Private colleges are also adjusting their schedules. Cazenovia College, near Syracuse, N.Y., announced that it would begin classes on Feb. 1, two weeks later than planned. President Ron Chesbrough said of the decision, "We want to provide students, faculty, staff and the college community with the safest conditions nationally and avoid a possible surge after holiday gatherings." Daemen College, near Buffalo, is delaying the start of the spring semester by three weeks, to Feb. 15.
In Maine, Bates College is extending winter break by one month. Students will be invited back to campus Feb. 12 to complete two COVID-19 tests and receive results before the beginning of classes on Feb. 17.
Clayton Spencer, the president, wrote to students to explain the changes last month. "Trends in infection rates, hospitalizations, and deaths have worsened steadily over the past six weeks, nationally and in Maine, and they are likely to intensify over the holiday season as people travel and families gather indoors," she said.
"Based on the course of the pandemic nationally and in Maine, and consultation with experts, we have concluded that it is not prudent to bring students back to campus, as planned, in early January. Our students would be traveling at or near the height of the current surge in cases, potentially creating health risks for these students and significant challenges for the college and student well-being once they arrive on campus."
At Bowdoin College, the spring semester will begin Feb. 8 -- two weeks later than normal.
In Ohio, Oberlin College decided last month to start the spring semester on Feb. 1 instead of Jan. 7. The college said in a statement that it considered an online January, but "ultimately, we opted for a delayed start so that we can preserve the on-campus experience to the greatest extent possible."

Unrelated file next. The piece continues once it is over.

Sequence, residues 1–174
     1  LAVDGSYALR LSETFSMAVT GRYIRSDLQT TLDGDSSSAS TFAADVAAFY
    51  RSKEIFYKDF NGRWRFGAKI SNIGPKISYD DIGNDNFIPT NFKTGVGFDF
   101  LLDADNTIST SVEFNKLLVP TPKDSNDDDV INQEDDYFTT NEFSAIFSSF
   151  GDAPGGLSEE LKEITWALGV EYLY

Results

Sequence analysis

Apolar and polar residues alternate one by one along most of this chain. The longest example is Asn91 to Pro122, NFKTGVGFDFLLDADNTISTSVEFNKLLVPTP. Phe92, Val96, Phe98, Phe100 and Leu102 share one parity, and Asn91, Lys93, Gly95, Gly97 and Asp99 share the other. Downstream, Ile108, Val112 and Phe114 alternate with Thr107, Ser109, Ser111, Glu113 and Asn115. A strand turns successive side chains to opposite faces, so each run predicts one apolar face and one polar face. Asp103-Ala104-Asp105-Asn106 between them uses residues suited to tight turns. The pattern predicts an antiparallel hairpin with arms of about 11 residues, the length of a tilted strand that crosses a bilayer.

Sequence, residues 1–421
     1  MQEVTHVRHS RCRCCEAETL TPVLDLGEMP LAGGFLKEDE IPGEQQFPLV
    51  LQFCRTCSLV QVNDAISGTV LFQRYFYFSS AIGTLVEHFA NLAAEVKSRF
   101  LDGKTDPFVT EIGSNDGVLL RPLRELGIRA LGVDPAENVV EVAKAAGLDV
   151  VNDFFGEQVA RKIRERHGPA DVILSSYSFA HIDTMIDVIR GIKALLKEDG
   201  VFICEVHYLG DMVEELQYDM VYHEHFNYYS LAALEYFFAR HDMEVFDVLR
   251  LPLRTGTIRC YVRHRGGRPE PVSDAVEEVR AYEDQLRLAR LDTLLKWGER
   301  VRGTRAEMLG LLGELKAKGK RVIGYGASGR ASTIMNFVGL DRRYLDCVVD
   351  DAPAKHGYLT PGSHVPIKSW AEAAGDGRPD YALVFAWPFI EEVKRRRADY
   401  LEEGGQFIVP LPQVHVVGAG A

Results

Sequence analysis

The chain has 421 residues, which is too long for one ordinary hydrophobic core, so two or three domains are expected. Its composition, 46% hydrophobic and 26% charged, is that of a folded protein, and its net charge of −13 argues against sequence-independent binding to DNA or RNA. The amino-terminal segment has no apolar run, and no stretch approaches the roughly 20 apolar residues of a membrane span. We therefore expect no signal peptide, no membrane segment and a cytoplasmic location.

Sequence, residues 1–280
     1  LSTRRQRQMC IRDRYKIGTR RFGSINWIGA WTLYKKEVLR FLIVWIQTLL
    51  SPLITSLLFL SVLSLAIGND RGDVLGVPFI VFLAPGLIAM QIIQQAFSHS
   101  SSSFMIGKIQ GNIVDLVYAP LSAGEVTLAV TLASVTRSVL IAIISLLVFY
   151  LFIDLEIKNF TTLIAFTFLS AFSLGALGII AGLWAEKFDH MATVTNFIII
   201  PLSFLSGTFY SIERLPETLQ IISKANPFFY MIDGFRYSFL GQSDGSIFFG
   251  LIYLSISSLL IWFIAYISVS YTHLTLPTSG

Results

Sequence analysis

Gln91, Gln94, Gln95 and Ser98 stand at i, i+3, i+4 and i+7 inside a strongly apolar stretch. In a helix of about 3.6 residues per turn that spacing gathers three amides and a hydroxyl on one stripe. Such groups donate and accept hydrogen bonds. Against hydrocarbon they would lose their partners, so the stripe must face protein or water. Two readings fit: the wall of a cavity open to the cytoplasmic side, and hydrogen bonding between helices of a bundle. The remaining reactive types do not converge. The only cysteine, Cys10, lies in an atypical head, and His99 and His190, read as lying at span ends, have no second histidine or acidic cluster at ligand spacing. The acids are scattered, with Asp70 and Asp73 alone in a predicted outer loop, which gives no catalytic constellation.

In Minnesota, Carleton College will begin the spring semester as scheduled -- today. But the first two weeks of classes will be online and students are being asked to return to campus after the first of those weeks.
The trend extends to Southern states. In Florida, where faculty have been critical of public university plans to resume full course schedules in the spring, Bethune-Cookman University, a historically Black college, plans to have the first month of classes online. Classes will start Jan. 11, but in-person instruction will resume Feb. 15. And students can return to campus from Feb. 11 to 13. The plans were released on New Year's Day.
Mississippi State University has delayed the start of classes only five days -- from Jan. 6 to Jan. 11.
"At this juncture, as COVID-19 is now a growing threat in Mississippi, this course of action is prudent and provides us the best opportunity to make the transitions necessary to most effectively balance our educational responsibilities as well," Provost David R. Shaw said in a statement. "We know that with New Year’s Eve celebrations there is the possibility of additional exposures and infections; this delay will allow time for infections to run their course prior to students’ return to campus."
At Auburn University, the institution is planning to stick with its original plan to begin the spring semester Jan. 11. But "in an effort to gradually increase campus density, faculty offering face-to-face classes may choose to begin the semester remotely for up to two weeks," said a university statement.